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Political Science

For Democracy and a Caste System? World War II, Race, and Democratic Inclusion in the United States by Steven White

Date: 3:30pm - 5:00pm PST November 14, 2013 Location: JRHH 203

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JRHH 203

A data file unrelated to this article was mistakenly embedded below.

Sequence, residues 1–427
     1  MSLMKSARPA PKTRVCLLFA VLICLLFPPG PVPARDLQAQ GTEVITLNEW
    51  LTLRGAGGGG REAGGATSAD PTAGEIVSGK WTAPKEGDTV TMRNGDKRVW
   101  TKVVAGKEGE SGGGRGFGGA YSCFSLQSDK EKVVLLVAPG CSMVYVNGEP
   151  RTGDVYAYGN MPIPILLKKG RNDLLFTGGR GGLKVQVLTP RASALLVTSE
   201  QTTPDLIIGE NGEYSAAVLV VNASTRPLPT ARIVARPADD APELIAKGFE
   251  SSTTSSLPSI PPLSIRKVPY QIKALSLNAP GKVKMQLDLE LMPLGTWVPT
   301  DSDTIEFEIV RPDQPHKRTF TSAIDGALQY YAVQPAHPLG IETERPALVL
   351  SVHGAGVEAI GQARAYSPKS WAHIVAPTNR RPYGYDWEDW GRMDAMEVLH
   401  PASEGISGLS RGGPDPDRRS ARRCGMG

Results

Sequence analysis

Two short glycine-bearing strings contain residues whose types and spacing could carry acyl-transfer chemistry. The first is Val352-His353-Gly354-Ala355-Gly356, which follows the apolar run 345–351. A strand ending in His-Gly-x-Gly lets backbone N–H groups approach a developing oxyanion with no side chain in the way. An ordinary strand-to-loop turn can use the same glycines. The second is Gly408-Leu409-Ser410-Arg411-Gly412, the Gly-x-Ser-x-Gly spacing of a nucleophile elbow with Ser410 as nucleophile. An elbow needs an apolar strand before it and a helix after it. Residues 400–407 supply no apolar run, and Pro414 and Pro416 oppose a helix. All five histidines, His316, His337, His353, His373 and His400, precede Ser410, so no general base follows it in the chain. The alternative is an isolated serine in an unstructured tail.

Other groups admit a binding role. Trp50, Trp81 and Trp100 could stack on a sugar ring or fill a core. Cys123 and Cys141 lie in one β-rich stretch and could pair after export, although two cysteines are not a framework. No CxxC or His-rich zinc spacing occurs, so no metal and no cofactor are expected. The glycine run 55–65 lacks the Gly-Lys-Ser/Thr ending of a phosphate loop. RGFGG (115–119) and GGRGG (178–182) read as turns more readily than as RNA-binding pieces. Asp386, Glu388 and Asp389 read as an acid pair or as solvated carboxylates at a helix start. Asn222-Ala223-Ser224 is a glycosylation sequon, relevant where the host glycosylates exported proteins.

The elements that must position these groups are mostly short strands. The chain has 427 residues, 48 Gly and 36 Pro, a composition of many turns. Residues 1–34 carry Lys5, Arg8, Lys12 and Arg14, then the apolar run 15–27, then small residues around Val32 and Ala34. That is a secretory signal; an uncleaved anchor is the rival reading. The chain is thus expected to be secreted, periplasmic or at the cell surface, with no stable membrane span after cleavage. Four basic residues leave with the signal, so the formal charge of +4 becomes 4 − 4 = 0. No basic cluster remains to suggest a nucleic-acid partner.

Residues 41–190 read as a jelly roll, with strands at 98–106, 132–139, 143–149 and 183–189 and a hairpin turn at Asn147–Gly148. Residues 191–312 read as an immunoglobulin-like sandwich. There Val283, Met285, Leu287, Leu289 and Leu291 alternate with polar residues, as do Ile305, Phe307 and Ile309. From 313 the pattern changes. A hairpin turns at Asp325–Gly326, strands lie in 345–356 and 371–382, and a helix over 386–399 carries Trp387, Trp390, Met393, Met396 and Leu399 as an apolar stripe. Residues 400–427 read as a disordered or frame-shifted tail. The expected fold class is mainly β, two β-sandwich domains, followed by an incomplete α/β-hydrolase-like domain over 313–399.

Scholars of American politics often assume World War II liberalized white racial attitudes, in turn prompting a liberal shift in the federal government’s position on civil rights. However, while intuitively plausible, this relationship is generally not verified empirically. Using both survey and archival evidence, I argue the war’s impact on white racial attitudes is more limited than is often claimed, but that the war shaped and constrained the executive branch’s civil rights agenda in ways institutional scholars have generally ignored. The evidence is presented in three parts: First, I demonstrate that for whites in the mass public, while there is some evidence of slight liberalization on issues of racial prejudice, this does not extend to policies addressing racial inequities. Second, there is some evidence of racial moderation among white veterans, relative to their counterparts who did not serve. However, the range of issues is limited in scope. Third, the war had both compelling and constraining impacts on the Roosevelt administration’s actions on civil rights. In summary, World War II had myriad implications for America’s racial order. It did not broadly liberalize white attitudes, but its effect on the White House was a precursor to the form of “Cold War civil rights” that would emerge in the 1950s.

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